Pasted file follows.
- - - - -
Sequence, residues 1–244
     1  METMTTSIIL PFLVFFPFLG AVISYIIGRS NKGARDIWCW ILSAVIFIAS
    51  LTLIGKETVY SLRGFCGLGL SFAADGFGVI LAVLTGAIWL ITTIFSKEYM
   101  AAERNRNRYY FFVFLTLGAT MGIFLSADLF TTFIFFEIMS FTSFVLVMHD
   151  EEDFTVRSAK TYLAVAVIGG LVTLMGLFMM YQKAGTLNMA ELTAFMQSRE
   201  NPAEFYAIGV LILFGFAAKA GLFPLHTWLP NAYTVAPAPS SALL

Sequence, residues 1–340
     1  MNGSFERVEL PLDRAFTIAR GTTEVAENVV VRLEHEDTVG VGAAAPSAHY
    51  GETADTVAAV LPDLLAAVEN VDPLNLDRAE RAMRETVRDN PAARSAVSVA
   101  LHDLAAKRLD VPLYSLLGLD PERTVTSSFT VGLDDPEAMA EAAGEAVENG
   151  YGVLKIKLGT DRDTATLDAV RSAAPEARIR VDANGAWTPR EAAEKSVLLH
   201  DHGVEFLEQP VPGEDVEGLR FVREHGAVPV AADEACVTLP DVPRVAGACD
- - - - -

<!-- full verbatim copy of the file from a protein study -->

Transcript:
Sequence, residues 1–244
     1  METMTTSIIL PFLVFFPFLG AVISYIIGRS NKGARDIWCW ILSAVIFIAS
    51  LTLIGKETVY SLRGFCGLGL SFAADGFGVI LAVLTGAIWL ITTIFSKEYM
   101  AAERNRNRYY FFVFLTLGAT MGIFLSADLF TTFIFFEIMS FTSFVLVMHD
   151  EEDFTVRSAK TYLAVAVIGG LVTLMGLFMM YQKAGTLNMA ELTAFMQSRE
   201  NPAEFYAIGV LILFGFAAKA GLFPLHTWLP NAYTVAPAPS SALL

Sequence, residues 1–340
     1  MNGSFERVEL PLDRAFTIAR GTTEVAENVV VRLEHEDTVG VGAAAPSAHY
    51  GETADTVAAV LPDLLAAVEN VDPLNLDRAE RAMRETVRDN PAARSAVSVA
   101  LHDLAAKRLD VPLYSLLGLD PERTVTSSFT VGLDDPEAMA EAAGEAVENG
   151  YGVLKIKLGT DRDTATLDAV RSAAPEARIR VDANGAWTPR EAAEKSVLLH
   201  DHGVEFLEQP VPGEDVEGLR FVREHGAVPV AADEACVTLP DVPRVAGACD